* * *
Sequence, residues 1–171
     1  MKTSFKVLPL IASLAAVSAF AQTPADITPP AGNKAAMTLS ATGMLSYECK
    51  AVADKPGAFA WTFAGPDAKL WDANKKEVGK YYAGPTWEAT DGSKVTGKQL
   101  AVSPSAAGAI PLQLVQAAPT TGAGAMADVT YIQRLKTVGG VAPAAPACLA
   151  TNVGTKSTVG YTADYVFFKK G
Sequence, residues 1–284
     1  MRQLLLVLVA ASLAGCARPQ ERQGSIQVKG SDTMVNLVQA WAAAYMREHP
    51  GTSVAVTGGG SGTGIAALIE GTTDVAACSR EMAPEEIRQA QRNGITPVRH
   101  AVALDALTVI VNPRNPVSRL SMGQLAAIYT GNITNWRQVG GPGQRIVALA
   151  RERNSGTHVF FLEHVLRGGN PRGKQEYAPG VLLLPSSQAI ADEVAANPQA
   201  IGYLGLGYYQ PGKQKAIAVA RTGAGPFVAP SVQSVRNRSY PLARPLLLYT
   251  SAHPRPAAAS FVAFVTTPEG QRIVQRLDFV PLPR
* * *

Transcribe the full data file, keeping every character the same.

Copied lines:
Sequence, residues 1–171
     1  MKTSFKVLPL IASLAAVSAF AQTPADITPP AGNKAAMTLS ATGMLSYECK
    51  AVADKPGAFA WTFAGPDAKL WDANKKEVGK YYAGPTWEAT DGSKVTGKQL
   101  AVSPSAAGAI PLQLVQAAPT TGAGAMADVT YIQRLKTVGG VAPAAPACLA
   151  TNVGTKSTVG YTADYVFFKK G
Sequence, residues 1–284
     1  MRQLLLVLVA ASLAGCARPQ ERQGSIQVKG SDTMVNLVQA WAAAYMREHP
    51  GTSVAVTGGG SGTGIAALIE GTTDVAACSR EMAPEEIRQA QRNGITPVRH
   101  AVALDALTVI VNPRNPVSRL SMGQLAAIYT GNITNWRQVG GPGQRIVALA
   151  RERNSGTHVF FLEHVLRGGN PRGKQEYAPG VLLLPSSQAI ADEVAANPQA
   201  IGYLGLGYYQ PGKQKAIAVA RTGAGPFVAP SVQSVRNRSY PLARPLLLYT
   251  SAHPRPAAAS FVAFVTTPEG QRIVQRLDFV PLPR